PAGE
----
Sex likes novelty. Most men report that their orgasms are more intense in novel situations than in their typical sexual situations. Whether the partner is novel or the partner is familiar and the sex is non-standard in some other way, the libido and body appear to respond positively to the novelty. It is well understood that genetic diversity increases the sustainability of a species, and therefore men are said to be biologically programmed to want to have multiple sexual partners.
Recent research has emerged that shows women also have higher levels of arousal in novel sexual situations. Perhaps female sexual arousal favors genetic variety, even while the demands of childrearing favor having a stable partner. In fact, no species has been shown to be exclusively monogamous. Although it is commonly assumed that birds mate for life, they are not monogamous. Many bird species have also been shown to have affairs on the side, and the same might be said for human monogamous couples.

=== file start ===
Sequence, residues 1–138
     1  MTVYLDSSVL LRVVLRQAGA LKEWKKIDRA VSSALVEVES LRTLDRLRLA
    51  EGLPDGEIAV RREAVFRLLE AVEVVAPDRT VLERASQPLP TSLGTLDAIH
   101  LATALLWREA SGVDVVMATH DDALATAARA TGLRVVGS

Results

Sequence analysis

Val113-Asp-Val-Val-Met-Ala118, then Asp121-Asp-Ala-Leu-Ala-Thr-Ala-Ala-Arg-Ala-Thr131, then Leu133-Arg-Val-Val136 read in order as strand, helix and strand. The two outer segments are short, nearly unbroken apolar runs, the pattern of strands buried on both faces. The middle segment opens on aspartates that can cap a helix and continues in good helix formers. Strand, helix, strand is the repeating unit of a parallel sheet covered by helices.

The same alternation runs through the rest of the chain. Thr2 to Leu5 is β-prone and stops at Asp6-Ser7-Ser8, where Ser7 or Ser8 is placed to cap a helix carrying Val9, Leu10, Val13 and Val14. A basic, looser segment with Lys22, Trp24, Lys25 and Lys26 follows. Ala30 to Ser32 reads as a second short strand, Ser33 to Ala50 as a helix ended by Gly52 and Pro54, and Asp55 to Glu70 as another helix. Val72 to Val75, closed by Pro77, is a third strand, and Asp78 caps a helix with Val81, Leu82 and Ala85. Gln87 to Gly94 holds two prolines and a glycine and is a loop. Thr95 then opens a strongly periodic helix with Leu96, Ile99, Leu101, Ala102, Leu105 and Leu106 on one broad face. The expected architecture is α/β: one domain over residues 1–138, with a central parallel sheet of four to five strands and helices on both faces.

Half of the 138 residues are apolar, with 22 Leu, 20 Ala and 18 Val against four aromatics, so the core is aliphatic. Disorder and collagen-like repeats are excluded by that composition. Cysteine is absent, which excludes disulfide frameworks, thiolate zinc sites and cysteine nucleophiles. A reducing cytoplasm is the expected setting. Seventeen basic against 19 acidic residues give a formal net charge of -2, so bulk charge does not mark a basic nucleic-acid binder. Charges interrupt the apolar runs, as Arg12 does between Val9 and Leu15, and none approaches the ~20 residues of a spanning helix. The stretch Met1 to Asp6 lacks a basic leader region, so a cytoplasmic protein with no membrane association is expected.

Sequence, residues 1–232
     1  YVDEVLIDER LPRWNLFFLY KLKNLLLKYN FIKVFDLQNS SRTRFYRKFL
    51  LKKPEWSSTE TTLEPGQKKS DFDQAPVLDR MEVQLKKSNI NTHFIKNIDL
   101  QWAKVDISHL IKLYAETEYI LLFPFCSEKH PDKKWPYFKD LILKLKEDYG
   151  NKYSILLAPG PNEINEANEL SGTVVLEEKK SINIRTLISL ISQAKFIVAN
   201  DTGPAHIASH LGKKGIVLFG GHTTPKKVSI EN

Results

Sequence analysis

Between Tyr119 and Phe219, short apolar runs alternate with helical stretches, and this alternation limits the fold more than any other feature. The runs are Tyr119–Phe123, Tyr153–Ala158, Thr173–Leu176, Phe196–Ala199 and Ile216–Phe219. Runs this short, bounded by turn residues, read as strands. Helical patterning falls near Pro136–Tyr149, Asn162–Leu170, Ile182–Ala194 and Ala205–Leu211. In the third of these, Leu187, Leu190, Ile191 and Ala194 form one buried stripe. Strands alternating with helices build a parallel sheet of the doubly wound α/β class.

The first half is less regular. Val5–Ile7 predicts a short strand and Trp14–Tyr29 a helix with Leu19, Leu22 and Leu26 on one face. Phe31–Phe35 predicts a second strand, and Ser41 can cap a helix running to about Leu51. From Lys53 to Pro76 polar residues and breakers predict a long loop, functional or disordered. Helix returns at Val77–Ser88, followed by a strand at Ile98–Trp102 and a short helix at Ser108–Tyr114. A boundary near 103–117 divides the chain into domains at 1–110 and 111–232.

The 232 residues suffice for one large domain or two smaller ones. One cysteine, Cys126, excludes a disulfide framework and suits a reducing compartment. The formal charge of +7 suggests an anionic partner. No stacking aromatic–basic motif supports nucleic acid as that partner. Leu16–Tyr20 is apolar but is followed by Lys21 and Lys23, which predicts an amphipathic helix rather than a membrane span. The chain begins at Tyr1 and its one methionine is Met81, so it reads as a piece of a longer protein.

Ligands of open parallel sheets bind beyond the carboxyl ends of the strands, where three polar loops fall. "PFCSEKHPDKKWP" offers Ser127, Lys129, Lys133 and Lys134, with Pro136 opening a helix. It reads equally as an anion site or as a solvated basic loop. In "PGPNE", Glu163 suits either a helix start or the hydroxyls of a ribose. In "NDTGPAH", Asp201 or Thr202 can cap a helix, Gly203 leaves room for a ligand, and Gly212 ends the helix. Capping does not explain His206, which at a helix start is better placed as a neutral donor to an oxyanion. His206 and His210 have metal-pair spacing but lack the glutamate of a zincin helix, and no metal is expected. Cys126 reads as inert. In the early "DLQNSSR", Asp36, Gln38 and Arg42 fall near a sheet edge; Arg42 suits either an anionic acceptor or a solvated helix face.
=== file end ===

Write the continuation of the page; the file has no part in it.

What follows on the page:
Humans are clearly a more complex species, so comparisons to other species—and even to other primates—have limitations. While there are many successful monogamous human couples—including monogamous gay male couples—research has also shown that for somewhere between 65 percent and 90 percent of heterosexual couples, at least one member has had an affair. Similarly, research suggests that for 66 percent of gay male couples, at least one member of the couple identifies as non-monogamous. There is not, as of yet, a reliable figure for the frequency of non-monogamous lesbian couples.